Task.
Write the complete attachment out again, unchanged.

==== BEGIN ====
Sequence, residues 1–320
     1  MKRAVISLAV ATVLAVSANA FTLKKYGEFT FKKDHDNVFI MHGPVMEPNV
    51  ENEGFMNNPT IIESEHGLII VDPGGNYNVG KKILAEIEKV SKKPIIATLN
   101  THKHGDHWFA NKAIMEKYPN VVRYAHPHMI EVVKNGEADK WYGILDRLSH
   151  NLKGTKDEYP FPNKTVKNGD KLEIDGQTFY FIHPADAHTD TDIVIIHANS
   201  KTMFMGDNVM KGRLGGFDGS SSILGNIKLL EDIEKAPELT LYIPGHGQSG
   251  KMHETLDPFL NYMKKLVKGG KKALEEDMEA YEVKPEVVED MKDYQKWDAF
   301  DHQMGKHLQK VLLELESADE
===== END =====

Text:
Sequence, residues 1–320
     1  MKRAVISLAV ATVLAVSANA FTLKKYGEFT FKKDHDNVFI MHGPVMEPNV
    51  ENEGFMNNPT IIESEHGLII VDPGGNYNVG KKILAEIEKV SKKPIIATLN
   101  THKHGDHWFA NKAIMEKYPN VVRYAHPHMI EVVKNGEADK WYGILDRLSH
   151  NLKGTKDEYP FPNKTVKNGD KLEIDGQTFY FIHPADAHTD TDIVIIHANS
   201  KTMFMGDNVM KGRLGGFDGS SSILGNIKLL EDIEKAPELT LYIPGHGQSG
   251  KMHETLDPFL NYMKKLVKGG KKALEEDMEA YEVKPEVVED MKDYQKWDAF
   301  DHQMGKHLQK VLLELESADE